About our Spiritual Retreats
Regular retreats are conducted every weekend at the Centre, varying from one-day conventions to three-day residential retreats. The retreats are conducted in over five different languages, such as English, Malayalam, Konkani and Tamil, with retreatants travelling from all over the World, from places such as Australia, China, and Switzerland. A core team of intercessors, volunteers and preachers enable the success of each event. The retreats are led mainly by Fr. George Panackal VC and Fr. Joseph Edattu VC, the priests that reside at the centre. However, many renowned guest speakers frequently come to share the Word of God and lead sessions. Retreats do not merely include preaching, praise and worship, and teaching, but retreatants are taught the importance of what we practice as Catholics and why. A new meaning and understanding of the Bible is unveiled and the Word of God is brought to life, as all talks are based mainly on the scriptures and traditions of the Church. During three-day retreats, the first day focuses on God’s love and forgiveness, the second day on inner healing and the final day, on thanksgiving. Each day concludes with the celebration of Holy Mass and Eucharistic Adoration. During the retreats, priests are available to hear confessions and to offer spiritual guidance. Children’s ministry is also held simultaneously along with weekly retreats.
Youth Retreat – Hesed
One of the extensions of the centre is the youth group. Within a year of the Centre’s inauguration, special retreats known as ‘Hesed’ (founded from the same Hebrew word which describes God’s love for us and His special relationship with the children of Israel) were being held. This enables teenagers and young adults above the age of 15 to escape the snares of society and envelop themselves in the grace of God. During Hesed, dramas, street evangelisation, and individual spiritual sharing encourages the youth to grow and express their faith to their friends and family.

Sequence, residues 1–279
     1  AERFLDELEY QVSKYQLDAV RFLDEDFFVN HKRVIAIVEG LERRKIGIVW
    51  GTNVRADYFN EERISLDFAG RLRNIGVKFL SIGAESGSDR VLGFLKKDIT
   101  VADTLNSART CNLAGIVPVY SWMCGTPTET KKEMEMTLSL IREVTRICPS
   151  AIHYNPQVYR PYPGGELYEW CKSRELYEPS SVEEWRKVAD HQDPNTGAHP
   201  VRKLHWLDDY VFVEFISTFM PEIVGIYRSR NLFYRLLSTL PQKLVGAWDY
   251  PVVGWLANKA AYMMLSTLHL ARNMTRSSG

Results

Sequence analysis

Nature of the Vincentian preaching ministry
Is the Vincentian preaching ministry Charismatic? The answer to this question is both affirmative and negative. Like all renewal movements in the Church, the Vincentian Preaching ministry is also charismatic. “Send forth your spirit… and the face of the earth shall be renewed” (Ps.104:30) is the prayer of the Psalmist. It is the Spirit of God that inspired St. Vincent to start the Vincentian Renewal Movement in Paris. The saint emphasizes that the Vincentian Renewal Movement seeks to be filled and led by the Holy Spirit. However, the Vincentian Preaching ministry is not Charismatic in the sense that it is not part of the Charismatic Movement which was started in the United States and later took on an official outfit in India under the direction of the National Service Team in the year 1977. The Potta-Divine retreat movement flourished with the blessings and encouragement of the bishops, and under the direction of the authorities of the Vincentian Congregation, independently of the National Service Team. Though this preaching ministry has been highly enriched in its methodology by the Charismatic Movement, it has remained radically Vincentian in nature and structure. Spiritual renewal of the faithful, in the framework of Sacramental spirituality, will continue to be our mission in the future. “Evangelisation of the Poor” is understood by the Vincentian Congregation not only as the spiritual renewal of the people by the preaching of the Word of God, but also as a commitment to work for the human and Christian advancement of the marginalised in the society. The concluding words of Jesus in the parable of the Good Samaritan rings in the ears of every Vincentian, “Go and do likewise” (Lk10:37). Sharing, caring and daring to love the suffering is not a mere gesture of generosity, but an obligation for anyone who is renewed in the experience of the love of God. We are well aware that our preaching ministry becomes complete and authentic in our radical option for the poor. The words of Jesus are a command to us: “Truly, I say to you, as you did it to one of the least of these my brethren, you did it to me” (Mt.25:40). The early Church began as a preaching fellowship, but developed as a community of love, where everyone shared everything with each other and there was no one in need (cf. Acts.4:33-35).